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By Eric Harlan
Published: October 22, 2011
Updated: October 22, 2011
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Ok time for a follow on Cruise blog post to “Cruise on up to Alaska”.  My wife and I had a pretty wicked trip to South America planned this year. We were going to hike up to Machu Picchu, camp in the Amazon and wonder through Ecuador.

Well mother nature had other plans and for reason I attribute to genuinely feeling better about ourselves after our weight loss, little Olivia (currently loading) probably wouldn’t fair well to the altitude and immunizations mommy would have to go through.  So we set out to find something that would give us some adventure but would be more leisurely.  A baby-moon if you will (even though I hate that word).  It was actually pretty hard to find a good combination of those two things.

After some research we decided on a Mediterranean cruise that hit Rome (Italy), Messina (Sicily, Italy), Athens (Greece), Kushadasi (Turkey), Chania (Crete) and back to Rome.  After a few tips on the Royal Caribbean line we decided to go with them for the trip. As always I try to wrap my travel posts with a bit of lessons learned that accompany my charming wit and sense of humor[/ego].

So let’s start off with the lessons learned from the Ship/Company itself first.

- Bye Bye Passports.


When you board, you go through something sort of like airport security. You fill out any last paper work then you get your boarding cards. Then they inform you that you will be giving up your passports to some guy later in the queue. Now they very well may have had this in writing, but it certainly didn’t stand out to me if they did. Something like that to a frequent international traveler WHILE IN COUNTRY is VERY scary to deal with.  Obviously everything worked out fine and the return process was very orderly and well thought out. Still don’t like giving up my passport EVER.

- Smoking in places with very little ventilation (casino bars)
So Royal Caribbean is MOSTLY none smoking. You can smoke outside obviously, the Casino on board and some of the bars on board. Here’s the problem though. The areas you can smoke are adjacent or directly below (with open roofs) to main none smoking areas.  Now it’s a proven fact that people who don’t smoke are MUCH more sensitive to the smell of smoke then smokers are. So you can pretty much smell the smoke anywhere congregation areas are.  Some serious thought needs to be put into better ventilation or limiting smoking to above decks.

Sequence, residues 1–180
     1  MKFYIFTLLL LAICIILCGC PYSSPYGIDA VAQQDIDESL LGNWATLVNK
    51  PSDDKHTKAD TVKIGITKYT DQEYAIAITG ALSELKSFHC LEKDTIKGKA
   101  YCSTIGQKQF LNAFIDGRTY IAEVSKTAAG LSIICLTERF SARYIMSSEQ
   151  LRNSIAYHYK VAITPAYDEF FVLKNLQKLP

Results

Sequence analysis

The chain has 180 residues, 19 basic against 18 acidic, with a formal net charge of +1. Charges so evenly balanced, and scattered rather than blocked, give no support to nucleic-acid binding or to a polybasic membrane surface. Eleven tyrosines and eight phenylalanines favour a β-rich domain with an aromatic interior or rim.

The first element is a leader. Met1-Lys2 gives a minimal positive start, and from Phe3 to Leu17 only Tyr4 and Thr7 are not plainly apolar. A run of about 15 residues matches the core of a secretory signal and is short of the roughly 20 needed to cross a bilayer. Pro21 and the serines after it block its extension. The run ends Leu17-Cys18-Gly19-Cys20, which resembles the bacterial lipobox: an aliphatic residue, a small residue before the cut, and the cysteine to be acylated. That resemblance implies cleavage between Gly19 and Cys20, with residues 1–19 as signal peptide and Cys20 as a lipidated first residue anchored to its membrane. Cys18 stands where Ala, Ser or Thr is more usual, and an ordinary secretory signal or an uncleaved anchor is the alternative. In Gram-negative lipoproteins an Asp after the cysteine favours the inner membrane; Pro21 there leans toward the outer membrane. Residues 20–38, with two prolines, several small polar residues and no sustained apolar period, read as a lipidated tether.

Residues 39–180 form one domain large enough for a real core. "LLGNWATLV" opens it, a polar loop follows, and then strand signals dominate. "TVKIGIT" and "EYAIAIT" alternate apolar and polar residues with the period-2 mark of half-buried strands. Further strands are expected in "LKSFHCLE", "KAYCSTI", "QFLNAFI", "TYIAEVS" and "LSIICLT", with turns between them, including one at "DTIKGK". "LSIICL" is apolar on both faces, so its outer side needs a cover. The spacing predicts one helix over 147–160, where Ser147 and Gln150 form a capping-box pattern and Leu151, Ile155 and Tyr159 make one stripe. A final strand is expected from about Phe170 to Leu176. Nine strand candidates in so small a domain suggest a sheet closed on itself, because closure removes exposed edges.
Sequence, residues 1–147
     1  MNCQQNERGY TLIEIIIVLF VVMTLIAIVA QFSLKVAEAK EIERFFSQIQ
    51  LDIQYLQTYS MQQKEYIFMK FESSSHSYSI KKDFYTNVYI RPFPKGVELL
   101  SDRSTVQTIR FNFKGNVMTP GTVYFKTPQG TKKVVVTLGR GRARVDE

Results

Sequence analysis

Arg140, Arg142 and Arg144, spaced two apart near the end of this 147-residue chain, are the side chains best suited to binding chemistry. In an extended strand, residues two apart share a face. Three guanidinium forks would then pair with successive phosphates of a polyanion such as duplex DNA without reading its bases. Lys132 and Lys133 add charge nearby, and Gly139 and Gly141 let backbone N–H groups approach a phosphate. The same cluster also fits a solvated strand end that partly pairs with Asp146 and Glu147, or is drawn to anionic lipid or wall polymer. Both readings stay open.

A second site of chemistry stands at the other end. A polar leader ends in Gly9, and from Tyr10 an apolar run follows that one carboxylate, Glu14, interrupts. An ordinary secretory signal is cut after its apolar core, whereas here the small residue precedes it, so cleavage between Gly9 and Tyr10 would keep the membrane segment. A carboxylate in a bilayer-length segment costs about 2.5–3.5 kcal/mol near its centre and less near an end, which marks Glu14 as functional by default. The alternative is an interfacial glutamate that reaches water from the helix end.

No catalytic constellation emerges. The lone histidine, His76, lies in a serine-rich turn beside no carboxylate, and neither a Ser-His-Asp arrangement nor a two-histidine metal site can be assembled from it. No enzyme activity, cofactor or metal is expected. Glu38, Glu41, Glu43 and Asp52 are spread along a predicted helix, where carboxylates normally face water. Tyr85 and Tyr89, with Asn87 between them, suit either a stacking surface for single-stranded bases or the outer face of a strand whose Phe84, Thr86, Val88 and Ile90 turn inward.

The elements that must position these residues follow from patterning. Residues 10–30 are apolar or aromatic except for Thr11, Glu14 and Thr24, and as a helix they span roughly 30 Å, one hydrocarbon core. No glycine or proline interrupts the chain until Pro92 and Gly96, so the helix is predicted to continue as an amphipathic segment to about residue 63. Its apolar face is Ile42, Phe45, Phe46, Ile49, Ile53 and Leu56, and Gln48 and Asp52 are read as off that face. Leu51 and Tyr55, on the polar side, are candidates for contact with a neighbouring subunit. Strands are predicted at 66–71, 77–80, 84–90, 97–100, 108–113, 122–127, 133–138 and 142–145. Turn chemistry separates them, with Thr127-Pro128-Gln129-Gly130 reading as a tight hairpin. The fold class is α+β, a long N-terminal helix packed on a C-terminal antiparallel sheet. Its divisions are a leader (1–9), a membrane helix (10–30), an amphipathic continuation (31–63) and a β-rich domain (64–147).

- Bed was worn out
The bed we had was super comfortable the very first night due to the fact that previously I literally flew two red eye flights in a single day (some kind of new record) and the bed was the first time I was actually horizontal in something like 35 hours. After that however it was painfully clear the mattress we had was in need of some flipping or replacing. Big valley’s etc etc.

- Buffett food mediocre while exclusive seating was quite good
The galley style mass trough feedings were iffy.  The food in the common areas were very repetitious and pretty low quality.  Granted I’ll give the benefit of the doubt there were plenty of other options readily available but if you wanted to grab a quick lunch or an off hours breakfast, it was pretty lame.

The other options on board range from a steak house to Italian so like I said if you’re tired of the buffet don’t get “My Time Dining”. My time dining essentially lets you eat whenever you want which basically means buffet food. If you get a set time assigned to you, you get placed in one of their nice rooms to eat that have an actual menu and pretty decent food.

- Room was large with balcony